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Newly formed nonprofit offers two decades of history through The Old Bridge Archive

OLD BRIDGE – A newly formed nonprofit group is offering 23 years of local government activity through a new website – The Old Bridge Archive.

“There’s a wealth of knowledge contained within the archive, from the serious to the lighthearted,” said Matt Morgan, who serves as chairman of the Old Bridge Residents Inc. (OBR). “Curious to know what the penalty is for installing your own personal speed bumps? It happened, and you can read it [in the archives]. What about the time a resident had elephants trampling her lawn? Yes, it happened in Old Bridge.

“The Archive is useful for those looking to get involved in their town, or to learn its history.”

The site features content pulled from authoritative sources: official meeting minutes, recordings, and contemporaneous reporting. All content is tagged, allowing readers to view a common thread of entries pertaining to an individual person, location, date, or specific topic, Morgan said.

Residents of the Arbors neighborhood who recently began organizing a community response to speeding and traffic concerns along Phillips Drive can benefit from the Archive review of “Speed and Traffic Calming” and can look if speeding and traffic concerns in the area were discussed publicly in the past two decades, Morgan said.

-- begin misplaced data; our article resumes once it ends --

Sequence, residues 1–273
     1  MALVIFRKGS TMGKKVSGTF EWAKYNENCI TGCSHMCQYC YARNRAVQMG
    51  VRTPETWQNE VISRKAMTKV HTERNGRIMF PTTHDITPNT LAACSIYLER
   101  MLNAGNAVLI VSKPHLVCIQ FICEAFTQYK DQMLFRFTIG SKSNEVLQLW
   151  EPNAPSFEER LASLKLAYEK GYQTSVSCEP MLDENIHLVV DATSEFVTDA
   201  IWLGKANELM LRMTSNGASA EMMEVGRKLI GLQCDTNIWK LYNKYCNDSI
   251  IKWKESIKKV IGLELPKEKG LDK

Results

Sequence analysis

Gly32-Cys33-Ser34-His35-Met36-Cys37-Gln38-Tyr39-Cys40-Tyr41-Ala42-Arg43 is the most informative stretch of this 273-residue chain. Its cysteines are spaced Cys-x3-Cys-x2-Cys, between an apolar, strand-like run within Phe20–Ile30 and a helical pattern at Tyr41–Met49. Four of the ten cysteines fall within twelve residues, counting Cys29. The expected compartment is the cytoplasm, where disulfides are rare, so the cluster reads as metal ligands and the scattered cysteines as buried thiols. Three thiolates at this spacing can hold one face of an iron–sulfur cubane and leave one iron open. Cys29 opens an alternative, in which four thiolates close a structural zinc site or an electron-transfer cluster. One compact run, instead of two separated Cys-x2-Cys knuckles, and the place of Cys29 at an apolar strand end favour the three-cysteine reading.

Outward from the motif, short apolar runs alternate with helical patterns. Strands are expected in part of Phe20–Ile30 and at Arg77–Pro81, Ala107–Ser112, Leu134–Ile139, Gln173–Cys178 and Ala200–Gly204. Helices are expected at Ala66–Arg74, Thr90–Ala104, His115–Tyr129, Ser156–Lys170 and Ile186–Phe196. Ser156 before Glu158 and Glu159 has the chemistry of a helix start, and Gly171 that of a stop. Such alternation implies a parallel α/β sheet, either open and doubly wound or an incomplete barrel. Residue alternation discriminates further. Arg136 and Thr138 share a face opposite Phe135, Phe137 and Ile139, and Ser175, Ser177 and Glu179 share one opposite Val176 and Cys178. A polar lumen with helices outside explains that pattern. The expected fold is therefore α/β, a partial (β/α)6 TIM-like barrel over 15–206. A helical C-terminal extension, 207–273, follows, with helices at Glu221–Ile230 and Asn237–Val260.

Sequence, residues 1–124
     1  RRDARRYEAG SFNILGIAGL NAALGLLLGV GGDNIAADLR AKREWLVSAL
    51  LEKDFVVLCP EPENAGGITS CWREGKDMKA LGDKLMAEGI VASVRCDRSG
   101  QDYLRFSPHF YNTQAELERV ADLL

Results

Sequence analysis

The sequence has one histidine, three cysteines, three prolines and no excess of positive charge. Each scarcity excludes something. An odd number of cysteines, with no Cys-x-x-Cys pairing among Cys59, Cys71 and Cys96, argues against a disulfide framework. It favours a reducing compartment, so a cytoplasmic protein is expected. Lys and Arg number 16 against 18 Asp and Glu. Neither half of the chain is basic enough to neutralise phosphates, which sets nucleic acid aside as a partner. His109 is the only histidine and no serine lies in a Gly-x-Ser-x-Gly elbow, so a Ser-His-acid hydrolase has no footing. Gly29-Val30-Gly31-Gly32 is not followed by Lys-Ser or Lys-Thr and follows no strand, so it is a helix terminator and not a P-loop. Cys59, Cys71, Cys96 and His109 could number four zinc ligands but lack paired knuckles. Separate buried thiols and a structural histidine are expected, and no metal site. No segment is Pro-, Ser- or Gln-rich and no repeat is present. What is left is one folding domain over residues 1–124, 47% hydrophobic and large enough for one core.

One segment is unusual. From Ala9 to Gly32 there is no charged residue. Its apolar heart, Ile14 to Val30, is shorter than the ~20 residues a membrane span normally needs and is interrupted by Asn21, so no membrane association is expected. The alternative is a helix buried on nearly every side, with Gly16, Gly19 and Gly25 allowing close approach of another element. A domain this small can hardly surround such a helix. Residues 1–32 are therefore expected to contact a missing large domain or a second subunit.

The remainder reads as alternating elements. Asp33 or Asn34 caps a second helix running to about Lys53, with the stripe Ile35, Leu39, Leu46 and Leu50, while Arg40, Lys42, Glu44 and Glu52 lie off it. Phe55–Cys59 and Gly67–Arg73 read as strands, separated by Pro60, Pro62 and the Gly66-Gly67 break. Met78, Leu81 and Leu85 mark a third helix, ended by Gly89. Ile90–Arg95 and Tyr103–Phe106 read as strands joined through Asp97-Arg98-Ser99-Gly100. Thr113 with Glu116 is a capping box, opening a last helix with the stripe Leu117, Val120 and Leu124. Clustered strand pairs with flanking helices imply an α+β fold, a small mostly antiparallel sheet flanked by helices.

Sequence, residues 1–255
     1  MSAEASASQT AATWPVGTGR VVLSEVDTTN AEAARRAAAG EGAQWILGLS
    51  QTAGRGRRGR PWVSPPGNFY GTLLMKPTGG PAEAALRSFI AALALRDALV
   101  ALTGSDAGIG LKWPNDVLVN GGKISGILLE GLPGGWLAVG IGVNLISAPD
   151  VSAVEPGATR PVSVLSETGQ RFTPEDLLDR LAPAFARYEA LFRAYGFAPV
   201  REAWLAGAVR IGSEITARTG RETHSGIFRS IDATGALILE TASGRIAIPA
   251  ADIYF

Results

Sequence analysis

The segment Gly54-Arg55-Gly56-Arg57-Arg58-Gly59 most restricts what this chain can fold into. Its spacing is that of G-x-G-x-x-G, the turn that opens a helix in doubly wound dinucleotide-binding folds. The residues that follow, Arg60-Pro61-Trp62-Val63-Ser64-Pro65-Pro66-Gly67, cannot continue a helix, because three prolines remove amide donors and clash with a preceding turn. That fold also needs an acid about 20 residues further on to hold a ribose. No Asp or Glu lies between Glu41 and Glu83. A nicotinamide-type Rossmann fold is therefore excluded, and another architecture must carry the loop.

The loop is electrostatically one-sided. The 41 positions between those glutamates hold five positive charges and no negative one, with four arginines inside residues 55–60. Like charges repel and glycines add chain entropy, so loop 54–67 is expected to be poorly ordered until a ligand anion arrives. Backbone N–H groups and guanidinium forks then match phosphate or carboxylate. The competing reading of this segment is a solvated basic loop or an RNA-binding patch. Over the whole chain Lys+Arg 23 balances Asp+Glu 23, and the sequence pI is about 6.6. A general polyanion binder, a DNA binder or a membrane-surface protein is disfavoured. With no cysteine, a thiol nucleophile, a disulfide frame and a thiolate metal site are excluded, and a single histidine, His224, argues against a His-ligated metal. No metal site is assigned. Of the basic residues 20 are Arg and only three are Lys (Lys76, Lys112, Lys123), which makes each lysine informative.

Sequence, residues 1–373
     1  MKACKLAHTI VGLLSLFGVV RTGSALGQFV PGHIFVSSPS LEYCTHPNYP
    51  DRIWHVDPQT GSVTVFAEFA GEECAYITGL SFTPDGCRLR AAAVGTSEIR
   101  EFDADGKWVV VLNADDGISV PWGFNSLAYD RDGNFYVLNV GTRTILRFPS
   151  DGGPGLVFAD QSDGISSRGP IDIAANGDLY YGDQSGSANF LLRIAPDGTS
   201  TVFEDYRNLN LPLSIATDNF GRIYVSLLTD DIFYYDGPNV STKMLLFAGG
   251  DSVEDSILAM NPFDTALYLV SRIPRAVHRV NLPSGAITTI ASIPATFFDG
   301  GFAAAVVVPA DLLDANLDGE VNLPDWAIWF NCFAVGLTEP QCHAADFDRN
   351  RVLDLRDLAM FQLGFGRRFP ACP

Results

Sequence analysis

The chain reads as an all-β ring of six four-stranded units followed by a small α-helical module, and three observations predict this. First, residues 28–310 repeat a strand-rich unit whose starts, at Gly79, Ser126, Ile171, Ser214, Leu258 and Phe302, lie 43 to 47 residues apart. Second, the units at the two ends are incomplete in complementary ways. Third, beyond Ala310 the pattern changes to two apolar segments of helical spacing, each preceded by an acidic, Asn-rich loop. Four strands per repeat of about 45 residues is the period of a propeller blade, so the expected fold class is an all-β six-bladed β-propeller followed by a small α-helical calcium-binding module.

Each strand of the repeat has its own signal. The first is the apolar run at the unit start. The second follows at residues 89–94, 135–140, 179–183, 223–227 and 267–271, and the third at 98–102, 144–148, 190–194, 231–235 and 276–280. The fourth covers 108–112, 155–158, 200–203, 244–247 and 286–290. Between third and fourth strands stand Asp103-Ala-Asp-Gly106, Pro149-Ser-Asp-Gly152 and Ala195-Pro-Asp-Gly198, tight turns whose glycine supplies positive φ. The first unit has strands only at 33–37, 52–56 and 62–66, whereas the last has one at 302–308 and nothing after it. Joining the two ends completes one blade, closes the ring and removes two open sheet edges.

He said residents can use the Archive to view various building projects from “concept to reality.”

“Driving around Old Bridge, there is no shortage of construction,” Morgan said. “Residents are always wondering what is being built and why.

“Township parks such as Mannino Park and Cottrell Farms are both in various stages of construction, over a decade since their original conception. The same can be said for private development, such as the Oaks at Glenwood community, or more recently, warehouses along Routes 9 and 516. There is a story behind each of these, and the Archive provides Old Bridge residents with that history.”

Old Bridge Residents Inc. is made up of current and former township residents.

Morgan said he has “always been fascinated by the rich history of my hometown.”

“Stories such as these develop over years if not decades, and I am excited to see how the Old Bridge Archive pieces them together. There are so many fascinating anecdotes and details included here. We all hope that this proves to be a useful resource for journalists, historians, and anyone with curiosity.”

The Archive is meant to essentially be a “living database” where the public can add submissions through new entries or add and improve to existing submissions, Morgan said.

OBR Inc was launched by the administrators of the Old Bridge New Jersey Residents community Facebook group, which came together to provide “unofficial synopses of local
government meetings for the benefit of the OBR reading audience as well as local
journalists.”

For more information visit Old Bridge Residents – Your Community Connection (obresidents.com).

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